Tag Archives: Outer Banks

Safe Wading Techniques

Safe Wading Techniques Fly Fishing Outer Banks Murray's Fly Shop
Fishing the Outer Banks is great from a guide boat but be careful if you are wading alone.

Safe wading techniques are paramount to your enjoyment while on the water.  Several years ago I almost drowned at the Outer Banks when I foolishly waded into water that was too deep while wearing chest high waders. I now do two things differently.  Since I now fish there after May, I always wade wet figuring I can swim better with no waders. I also wear a inflatable life belt.

Harry Murray
Murray’s Fly Shop
121 South Main Street
PO Box 156
Edinburg, Virginia 22824
Phone Number: 540-984-4212
Email: info@murraysflyshop.com
Website: www.murraysflyshop.com

Hot Spots

I find it rewarding and exciting to mentally mark the hot spots of each days fishing and then take advantage of this on my future fishing trips. Knowing where that exceptionally large smallmouth bass lived on the North Fork of the Shenandoah River close to Edinburg, Virginia enabled me to catch the large smallmouth bass several times over the years. The upper section of Lemar with the big boulders below the last bridge always produce several large cutthroats. And the most productive area on the Outer Banks for sea trout was twenty four power poles North of Buxton in the Sound.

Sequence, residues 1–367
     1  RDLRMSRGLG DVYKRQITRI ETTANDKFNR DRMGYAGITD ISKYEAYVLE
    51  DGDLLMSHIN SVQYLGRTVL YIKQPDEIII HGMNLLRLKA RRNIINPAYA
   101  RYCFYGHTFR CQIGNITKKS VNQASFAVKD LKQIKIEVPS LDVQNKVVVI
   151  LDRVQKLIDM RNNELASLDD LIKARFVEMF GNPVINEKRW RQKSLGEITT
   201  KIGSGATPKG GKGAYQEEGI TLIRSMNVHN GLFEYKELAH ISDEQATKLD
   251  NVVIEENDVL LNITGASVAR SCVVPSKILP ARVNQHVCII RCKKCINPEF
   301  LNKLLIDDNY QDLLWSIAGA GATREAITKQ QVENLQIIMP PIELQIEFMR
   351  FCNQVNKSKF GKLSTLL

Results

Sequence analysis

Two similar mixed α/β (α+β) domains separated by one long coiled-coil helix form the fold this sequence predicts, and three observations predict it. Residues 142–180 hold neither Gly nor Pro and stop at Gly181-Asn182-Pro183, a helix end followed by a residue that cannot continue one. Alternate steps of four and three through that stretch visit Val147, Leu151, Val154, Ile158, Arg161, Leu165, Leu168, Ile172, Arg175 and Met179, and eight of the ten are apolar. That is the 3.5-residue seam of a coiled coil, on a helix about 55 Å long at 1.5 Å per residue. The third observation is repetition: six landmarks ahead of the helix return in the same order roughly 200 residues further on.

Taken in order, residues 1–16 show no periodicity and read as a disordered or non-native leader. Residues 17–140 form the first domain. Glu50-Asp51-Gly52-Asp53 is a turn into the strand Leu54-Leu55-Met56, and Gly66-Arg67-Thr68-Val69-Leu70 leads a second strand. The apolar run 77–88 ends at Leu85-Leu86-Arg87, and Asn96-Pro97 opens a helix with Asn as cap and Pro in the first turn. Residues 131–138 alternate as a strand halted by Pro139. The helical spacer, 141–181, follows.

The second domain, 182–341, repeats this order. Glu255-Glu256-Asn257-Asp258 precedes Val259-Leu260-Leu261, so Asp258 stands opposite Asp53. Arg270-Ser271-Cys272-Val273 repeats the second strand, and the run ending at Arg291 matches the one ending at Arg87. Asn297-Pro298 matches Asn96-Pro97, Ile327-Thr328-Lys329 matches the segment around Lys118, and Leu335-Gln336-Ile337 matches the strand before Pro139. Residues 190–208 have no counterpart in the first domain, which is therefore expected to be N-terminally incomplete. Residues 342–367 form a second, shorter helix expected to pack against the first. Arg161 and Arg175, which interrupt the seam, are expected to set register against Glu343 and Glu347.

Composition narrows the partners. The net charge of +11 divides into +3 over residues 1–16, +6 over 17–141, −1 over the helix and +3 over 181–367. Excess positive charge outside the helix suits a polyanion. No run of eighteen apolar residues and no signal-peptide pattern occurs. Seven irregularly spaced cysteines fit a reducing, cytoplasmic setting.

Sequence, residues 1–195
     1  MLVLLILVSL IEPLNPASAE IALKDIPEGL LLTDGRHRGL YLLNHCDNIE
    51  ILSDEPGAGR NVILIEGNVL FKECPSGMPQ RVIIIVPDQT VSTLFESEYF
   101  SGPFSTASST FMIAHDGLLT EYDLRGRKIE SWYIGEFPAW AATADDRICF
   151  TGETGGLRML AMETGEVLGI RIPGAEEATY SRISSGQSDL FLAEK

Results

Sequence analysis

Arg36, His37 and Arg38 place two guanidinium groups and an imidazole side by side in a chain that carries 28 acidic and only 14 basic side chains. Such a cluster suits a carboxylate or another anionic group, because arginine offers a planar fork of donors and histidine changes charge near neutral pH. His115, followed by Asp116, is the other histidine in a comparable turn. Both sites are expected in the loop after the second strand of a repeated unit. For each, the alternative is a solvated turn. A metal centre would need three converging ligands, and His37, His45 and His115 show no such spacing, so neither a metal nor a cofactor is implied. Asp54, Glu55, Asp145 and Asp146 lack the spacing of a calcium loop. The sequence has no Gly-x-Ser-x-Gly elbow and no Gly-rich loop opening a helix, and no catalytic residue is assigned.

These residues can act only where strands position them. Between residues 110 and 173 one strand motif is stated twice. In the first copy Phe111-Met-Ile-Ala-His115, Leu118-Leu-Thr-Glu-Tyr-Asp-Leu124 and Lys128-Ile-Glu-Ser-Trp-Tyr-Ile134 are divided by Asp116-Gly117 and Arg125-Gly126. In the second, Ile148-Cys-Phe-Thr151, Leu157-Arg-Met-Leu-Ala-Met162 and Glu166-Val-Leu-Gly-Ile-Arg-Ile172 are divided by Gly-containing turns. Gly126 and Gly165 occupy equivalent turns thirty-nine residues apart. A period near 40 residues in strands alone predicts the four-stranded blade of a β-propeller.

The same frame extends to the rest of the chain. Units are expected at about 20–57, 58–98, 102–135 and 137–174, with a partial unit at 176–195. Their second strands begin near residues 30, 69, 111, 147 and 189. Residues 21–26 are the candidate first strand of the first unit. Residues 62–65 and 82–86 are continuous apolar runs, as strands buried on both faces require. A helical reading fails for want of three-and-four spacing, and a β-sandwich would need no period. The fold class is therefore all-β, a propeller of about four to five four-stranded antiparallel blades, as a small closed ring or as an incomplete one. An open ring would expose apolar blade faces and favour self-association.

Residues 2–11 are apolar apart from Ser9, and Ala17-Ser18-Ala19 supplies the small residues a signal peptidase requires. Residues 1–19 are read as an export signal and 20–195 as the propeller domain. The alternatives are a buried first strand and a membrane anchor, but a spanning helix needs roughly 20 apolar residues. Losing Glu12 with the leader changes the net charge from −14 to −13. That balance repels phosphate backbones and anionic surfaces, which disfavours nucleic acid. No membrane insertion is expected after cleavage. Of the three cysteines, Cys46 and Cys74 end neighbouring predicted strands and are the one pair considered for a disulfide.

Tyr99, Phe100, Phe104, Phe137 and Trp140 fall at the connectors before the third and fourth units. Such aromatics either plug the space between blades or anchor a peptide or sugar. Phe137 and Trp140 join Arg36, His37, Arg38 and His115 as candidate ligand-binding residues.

Fly Fishing Tip: Buck the Wind

Fly Fishing Murray's Fly Shop Virginia
A good way to prevent the wind from giving you problems is to use a tight loop on your presentation cast and keep it down close to the water.

Casting directly into a strong wind or with a strong wind coming in on your casting arm can present problems. One way I try to combat a wind blowing straight at me is to cast a tight loop on my forward cast and keep it down close to the water.  Another method is to use a side arm cast to keep the line flowing down close to the stream so the wind does not catch it.  In a severe wind, especially when I am wading at the Outer Banks I turn around and shoot my back cast. You can always switch hands and cast with your other hand if the wind is on your normal casting arm. Since you already know what is needed to cast properly this last ploy is much easier than you might expect.